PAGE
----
7/11/99 Ray Mitchell [GRM34@mailcity.com] - Promises and threats

Dear Folks,

I leave in two days with high hopes and great expectations. From the advice I have been given by you guys, I feel that I can deal with just about anything from raging feminists to any bizarre spin that some twisted sister might put on anything that Jane Austen ever said or thought she said.

I hope that I will be pampered, if not fought over, by my fellow travelers.

While I am gone and while you are waiting word from the traveler, I encourage everyone to harken to Cheryl’s advice on the Flashman books. They are truly wonderful. Another book by the same author, which is often overlooked, is Mr. American.

Julie can rest assured that I will walk in our Lady’s footsteps just as often as possible, and not only will I walk the walk, I will talk the talk until everyone will wish to God I had never gone on the trip. I will follow Heather’s advice to say what I will and not worry my pretty head about it. I do like the sound of that.

When I visit the tomb I expect to be so touched that I will experience emotions enough for both Ash and myself.

If you all promise to read everything I write about the trip, I will see that each of you get a genuine Jane Austen key ring or sun visor from Chawton. And yes, Ash I still have your requests for photos even though I expect a fight to the death with the ladies in tweed at Chawton who, I am sure, have a rule against photos indoors or within three miles of the house.

7/11/99 The Meister - From one Meister to another

Dear Ray,

Have a great trip big guy.

It has been decided, unanimously, that you are to carry the credentials of the Official European Meister and Spokesman for our Bulletin Board. Congratulations. You may present your credentials at the English Court. Try to arrange for an alliance - and some money. I will back up anything you say in England.

I supported you all along because I admire any guy that can arrange to escape the summer climate of Georgia to go to England in order to live in close quarters with eleven women - no other men - while discussing and learning about Jane Austen. And THEN - this is the impressive part - and then you actually managed to convince Julie and Heather to commiserate with you about it!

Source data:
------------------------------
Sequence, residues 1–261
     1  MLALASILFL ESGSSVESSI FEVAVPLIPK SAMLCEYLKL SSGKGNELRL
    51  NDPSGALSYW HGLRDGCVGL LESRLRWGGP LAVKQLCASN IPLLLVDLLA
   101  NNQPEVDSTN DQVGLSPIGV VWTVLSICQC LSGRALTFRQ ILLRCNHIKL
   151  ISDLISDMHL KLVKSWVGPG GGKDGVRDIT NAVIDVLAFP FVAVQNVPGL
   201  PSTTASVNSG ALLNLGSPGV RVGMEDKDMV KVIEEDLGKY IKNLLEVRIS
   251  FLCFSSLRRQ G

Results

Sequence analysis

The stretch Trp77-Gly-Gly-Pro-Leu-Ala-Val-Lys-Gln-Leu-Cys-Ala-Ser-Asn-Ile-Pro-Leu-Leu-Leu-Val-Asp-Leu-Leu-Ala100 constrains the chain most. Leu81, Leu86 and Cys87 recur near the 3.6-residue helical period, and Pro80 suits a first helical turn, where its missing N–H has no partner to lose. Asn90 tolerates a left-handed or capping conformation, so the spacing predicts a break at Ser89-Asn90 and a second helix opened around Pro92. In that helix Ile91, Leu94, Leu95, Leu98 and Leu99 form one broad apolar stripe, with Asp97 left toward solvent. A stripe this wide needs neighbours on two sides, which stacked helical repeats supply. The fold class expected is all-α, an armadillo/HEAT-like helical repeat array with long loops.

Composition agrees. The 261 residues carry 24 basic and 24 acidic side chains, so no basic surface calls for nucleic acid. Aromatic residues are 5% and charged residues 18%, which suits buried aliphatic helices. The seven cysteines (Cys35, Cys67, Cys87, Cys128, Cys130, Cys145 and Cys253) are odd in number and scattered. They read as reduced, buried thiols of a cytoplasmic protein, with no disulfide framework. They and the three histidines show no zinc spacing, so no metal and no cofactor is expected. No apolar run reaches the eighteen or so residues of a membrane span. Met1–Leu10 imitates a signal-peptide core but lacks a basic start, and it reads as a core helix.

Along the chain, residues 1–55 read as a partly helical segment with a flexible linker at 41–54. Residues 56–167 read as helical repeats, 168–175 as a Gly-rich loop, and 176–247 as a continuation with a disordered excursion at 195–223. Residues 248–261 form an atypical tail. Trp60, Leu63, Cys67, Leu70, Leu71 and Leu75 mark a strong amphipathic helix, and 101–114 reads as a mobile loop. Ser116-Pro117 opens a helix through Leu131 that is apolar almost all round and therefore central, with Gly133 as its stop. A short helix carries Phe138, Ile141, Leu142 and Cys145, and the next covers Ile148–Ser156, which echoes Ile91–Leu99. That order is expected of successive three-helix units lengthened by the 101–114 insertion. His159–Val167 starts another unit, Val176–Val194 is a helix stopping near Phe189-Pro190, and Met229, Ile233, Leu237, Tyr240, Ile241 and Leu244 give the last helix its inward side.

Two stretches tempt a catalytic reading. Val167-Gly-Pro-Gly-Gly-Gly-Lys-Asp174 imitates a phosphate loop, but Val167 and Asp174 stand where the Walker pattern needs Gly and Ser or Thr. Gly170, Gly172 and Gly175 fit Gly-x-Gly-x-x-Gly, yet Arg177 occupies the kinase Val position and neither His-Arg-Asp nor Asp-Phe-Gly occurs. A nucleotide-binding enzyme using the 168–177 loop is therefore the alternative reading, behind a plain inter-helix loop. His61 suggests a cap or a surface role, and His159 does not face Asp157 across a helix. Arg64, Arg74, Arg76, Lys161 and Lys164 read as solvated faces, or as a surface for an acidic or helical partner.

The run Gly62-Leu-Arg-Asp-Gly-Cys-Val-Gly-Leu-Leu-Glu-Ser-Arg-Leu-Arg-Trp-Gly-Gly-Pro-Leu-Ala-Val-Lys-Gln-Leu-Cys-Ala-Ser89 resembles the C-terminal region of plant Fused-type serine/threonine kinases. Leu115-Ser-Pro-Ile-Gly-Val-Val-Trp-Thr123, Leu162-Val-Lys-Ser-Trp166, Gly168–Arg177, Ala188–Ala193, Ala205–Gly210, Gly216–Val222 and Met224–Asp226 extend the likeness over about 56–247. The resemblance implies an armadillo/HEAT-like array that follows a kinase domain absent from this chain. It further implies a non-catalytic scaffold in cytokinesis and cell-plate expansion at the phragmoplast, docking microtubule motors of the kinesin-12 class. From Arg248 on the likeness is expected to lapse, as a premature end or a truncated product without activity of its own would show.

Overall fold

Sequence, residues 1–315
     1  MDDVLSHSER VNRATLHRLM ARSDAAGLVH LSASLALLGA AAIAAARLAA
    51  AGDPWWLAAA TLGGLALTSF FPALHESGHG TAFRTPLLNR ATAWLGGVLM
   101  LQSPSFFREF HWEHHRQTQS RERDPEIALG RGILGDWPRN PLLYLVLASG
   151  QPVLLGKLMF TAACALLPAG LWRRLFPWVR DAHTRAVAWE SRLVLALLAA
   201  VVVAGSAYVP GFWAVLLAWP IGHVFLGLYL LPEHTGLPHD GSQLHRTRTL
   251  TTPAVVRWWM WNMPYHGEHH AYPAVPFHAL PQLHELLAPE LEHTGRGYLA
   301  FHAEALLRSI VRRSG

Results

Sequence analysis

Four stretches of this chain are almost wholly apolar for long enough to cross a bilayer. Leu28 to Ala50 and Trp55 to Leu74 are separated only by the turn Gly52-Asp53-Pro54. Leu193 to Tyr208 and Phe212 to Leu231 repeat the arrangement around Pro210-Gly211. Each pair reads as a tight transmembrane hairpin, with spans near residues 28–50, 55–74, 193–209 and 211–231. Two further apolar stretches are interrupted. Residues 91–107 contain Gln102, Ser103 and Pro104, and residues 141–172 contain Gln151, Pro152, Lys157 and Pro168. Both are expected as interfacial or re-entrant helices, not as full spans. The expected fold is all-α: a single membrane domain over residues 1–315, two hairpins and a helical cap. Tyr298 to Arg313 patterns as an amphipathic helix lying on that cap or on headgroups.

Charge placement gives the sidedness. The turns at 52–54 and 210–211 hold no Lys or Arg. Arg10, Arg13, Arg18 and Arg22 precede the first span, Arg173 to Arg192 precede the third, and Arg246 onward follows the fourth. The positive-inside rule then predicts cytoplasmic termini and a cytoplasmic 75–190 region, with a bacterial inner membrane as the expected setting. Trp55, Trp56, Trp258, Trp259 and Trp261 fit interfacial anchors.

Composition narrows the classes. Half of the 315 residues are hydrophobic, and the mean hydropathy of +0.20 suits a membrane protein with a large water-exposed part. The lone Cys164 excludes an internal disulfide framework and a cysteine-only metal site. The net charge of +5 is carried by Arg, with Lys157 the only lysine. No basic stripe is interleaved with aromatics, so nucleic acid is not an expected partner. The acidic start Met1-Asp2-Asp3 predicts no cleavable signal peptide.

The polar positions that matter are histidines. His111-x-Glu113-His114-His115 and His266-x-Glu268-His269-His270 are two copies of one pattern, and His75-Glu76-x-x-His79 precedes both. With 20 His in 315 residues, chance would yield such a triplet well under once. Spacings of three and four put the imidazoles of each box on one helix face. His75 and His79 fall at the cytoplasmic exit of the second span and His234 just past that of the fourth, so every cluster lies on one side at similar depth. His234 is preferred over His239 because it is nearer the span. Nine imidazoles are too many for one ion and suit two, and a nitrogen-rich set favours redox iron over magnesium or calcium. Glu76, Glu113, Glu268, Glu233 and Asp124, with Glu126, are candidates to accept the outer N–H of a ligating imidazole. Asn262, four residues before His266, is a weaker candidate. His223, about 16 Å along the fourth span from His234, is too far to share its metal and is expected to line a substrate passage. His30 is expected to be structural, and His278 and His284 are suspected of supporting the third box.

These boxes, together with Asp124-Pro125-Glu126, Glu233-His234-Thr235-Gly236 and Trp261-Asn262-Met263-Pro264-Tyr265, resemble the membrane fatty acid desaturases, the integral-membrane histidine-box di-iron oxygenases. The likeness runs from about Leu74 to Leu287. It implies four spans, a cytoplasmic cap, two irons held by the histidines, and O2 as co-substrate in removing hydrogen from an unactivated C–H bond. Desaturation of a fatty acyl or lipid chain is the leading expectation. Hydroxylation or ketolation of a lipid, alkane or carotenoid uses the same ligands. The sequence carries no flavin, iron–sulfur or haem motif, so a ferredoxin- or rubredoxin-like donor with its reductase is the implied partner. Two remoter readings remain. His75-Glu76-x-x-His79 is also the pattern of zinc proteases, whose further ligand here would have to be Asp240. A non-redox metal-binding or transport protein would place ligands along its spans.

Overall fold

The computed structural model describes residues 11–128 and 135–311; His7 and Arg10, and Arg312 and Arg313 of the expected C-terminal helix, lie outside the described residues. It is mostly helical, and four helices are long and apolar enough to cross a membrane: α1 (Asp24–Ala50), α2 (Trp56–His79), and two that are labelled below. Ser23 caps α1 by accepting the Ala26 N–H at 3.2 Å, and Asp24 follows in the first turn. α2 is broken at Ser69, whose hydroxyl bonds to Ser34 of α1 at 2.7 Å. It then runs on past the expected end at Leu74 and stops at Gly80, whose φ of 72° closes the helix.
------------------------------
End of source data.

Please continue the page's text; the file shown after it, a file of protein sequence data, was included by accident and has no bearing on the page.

7/7/99 Cheryl - Wickham's commission

I've just read a fascinating little book called Mr. Kipling's Army.  Of course the information comes from a few years later than JA's, but as stagnant as this book makes the Army appear, that may not make all that much difference.

Though he tries, the author, Byron Farwell, can't make sense of the regimental system for me. I hadn't actually realized that not only was the original commission purchased, but so were promotions. I no longer wonder how men like the Earl of Cardigan ended up in a position to kill so many men.  I wonder that there weren't more like him.  He paid £40,000 (!) for the privilege.

At any rate, the book includes a table of the fair market cost of commissions circa 1840. For Wickham's commission as an Ensign in an "Infantry of the line" regiment, Darcy would have paid about  £450.  That's the absolute low end of the scale.  As regiments went up in status and desirability, the price would have gone up as well.  For an Ensign in the Foot Guards (which Wickham didn't have the ancestry let alone the means to join) the cost was around £1,200.  Since Wickham appears to have stayed in England gadding about, we may be able to assume his commission was in a regiment somewhere between the two.

Pay while in England, no matter what regiment, was 4s 6d per day, minus meals.  Officers also had to pay a fixed amount annually to the officers' mess to provide money for all that wine and haute cuisine, other possible subscriptions would be for hounds, regimental coaches, theatricals, and a wine cellar.  Lieutenant-Colonel William Bellairs estimated that a private income of  £60-100 per year was required for infantry officers in an average regiment.  £500 minimum was required in regiments like the 4th Hussars.

Certain appointments brought some extra pay with them, which explains why Lydia was angling for "a place at court."  Not paying tradesmen seems to have been a long tradition:  Winston Churchill took over 6 years to pay his military tailors after joining up.

I can't help but wonder where Wickham got the money for his commission in Colonel Fosters's regiment, if he ever actually coughed it up.  This might be part of the cause for his hasty departure from the regiment and subsequent hiding.  Mr. Bennet might not have dueled it out with Wickham, but the new made Lieutenant who was counting on that money could be a different matter.

7/8/99 Julie Grassi - [banya@onaustralia.com.au] That book

Dear Cheryl,